The Springbok Women will depart for South Africa on Monday evening disappointed following another 10th place finish at the Women’s Rugby World Cup following months of hard work in the lead-up to the international spectacle.
South Africa registered only one victory in their World Cup campaign against Samoa in Marcoussis, outside of Paris, which resulted in the team remaining in 10th position in tournament – the same result they recorded in the 2010 World Cup in London.
Springbok Women’s coach Lawrence Sephaka admitted on Monday that it was a bitter pill to swallow, and said: “We are very disappointed that we could not improve on our 10th place finish in the tournament, especially since we showed a lot of promise going into the competition,” said Sephaka.
“The players knew what to expect after the Test against France on the warm-up tour and they accepted the fact that we were drawn in one of the toughest pools.
"But we made things tough for ourselves throughout the competition by making errors at crucial times and not converting our point-scoring chances into points.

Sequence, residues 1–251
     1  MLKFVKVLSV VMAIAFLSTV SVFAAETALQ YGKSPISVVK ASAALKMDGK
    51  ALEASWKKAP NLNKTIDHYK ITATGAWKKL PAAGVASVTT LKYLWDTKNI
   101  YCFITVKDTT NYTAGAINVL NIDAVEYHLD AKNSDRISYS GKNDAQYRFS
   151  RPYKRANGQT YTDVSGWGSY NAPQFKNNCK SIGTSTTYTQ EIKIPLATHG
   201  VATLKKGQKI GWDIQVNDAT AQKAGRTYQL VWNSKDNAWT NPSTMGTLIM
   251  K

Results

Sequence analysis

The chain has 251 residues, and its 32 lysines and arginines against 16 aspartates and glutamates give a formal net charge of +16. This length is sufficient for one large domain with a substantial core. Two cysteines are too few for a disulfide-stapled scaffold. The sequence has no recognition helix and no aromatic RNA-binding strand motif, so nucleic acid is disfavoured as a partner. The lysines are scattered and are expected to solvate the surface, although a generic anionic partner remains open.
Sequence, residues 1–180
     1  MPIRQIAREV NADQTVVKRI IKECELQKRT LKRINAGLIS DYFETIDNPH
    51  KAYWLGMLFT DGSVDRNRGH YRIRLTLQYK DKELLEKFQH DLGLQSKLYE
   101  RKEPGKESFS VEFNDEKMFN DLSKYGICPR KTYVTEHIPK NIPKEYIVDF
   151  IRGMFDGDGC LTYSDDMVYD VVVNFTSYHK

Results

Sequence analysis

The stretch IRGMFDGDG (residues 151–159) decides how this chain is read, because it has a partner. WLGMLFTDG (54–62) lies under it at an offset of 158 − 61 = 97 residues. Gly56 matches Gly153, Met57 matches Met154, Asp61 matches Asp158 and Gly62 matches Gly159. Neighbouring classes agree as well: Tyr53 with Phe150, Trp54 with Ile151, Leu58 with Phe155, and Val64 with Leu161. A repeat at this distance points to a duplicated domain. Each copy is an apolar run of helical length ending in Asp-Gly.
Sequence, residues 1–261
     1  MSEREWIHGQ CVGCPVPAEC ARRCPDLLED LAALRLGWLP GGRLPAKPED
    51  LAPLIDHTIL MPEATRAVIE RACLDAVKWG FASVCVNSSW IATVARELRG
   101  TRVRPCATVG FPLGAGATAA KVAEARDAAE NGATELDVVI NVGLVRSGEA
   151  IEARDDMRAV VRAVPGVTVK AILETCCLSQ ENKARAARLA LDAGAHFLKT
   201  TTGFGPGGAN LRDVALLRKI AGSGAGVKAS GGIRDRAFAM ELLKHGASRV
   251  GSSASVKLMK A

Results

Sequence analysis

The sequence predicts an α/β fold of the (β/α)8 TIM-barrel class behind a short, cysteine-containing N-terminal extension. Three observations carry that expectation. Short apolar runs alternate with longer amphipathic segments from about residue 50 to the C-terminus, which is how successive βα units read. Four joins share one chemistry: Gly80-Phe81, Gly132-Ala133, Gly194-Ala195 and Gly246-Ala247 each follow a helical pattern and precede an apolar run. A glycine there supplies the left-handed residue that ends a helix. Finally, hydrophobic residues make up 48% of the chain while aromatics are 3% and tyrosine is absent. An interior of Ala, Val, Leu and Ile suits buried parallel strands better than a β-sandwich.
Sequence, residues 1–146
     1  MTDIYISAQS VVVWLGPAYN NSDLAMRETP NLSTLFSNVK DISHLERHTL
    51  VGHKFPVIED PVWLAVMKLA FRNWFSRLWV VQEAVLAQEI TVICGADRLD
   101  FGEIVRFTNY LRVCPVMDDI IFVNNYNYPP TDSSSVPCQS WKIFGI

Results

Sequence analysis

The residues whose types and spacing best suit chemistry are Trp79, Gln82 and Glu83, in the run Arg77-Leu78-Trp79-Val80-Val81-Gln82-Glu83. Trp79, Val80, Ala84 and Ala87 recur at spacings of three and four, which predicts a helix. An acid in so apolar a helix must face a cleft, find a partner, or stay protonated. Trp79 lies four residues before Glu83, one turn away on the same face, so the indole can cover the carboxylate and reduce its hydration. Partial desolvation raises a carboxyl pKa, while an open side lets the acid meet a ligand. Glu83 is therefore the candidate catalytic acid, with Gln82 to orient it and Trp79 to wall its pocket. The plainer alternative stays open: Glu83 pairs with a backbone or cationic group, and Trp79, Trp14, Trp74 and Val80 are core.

"The most disappointing aspect for us is that there were times when we pinned Australia, Wales and Spain in their own half for long periods and created fantastic try-scoring chances, but we battled to come away with points.”
Sephaka, however, said the women’s rugby structures in South Africa lagged far behind that of the top nations in the tournament and said that the development structures in SA had to improve in order for the national team to be more competitive.
“The women’s rugby structures in South Africa need to improve drastically for us to compete with the best teams in the world, as their club and provincial structures are much stronger than ours,” said Sephaka.
“Our provincial series features three to seven matches a year per team, which is what some overseas clubs play in a month or two, so we need to start from the bottom to achieve better results at national level.
"We also lack regular top-class competition between World Cups, while the Six Nations teams have that luxury every year. So I think it is important to consider such factors when one looks at our results.
"That said we will not use this as an excuse, as we could have won one or two more matches if we implemented our structures effectively and used our point-scoring chances.”
The team will arrive in Johannesburg at 10h05 on Tuesday morning after which the players will travel to their respective provinces.
With the World Cup completed, the Springbok Women’s Sevens team will turn their attention to the IRB Women’s Sevens World Series qualifier in Hong Kong on September 12 and 13, while the Border, Eastern Province, Blue Bulls and Western Province 15-a-side players will continue their preparations for the SARU Women’s Interprovincial Series semifinals and final late in September.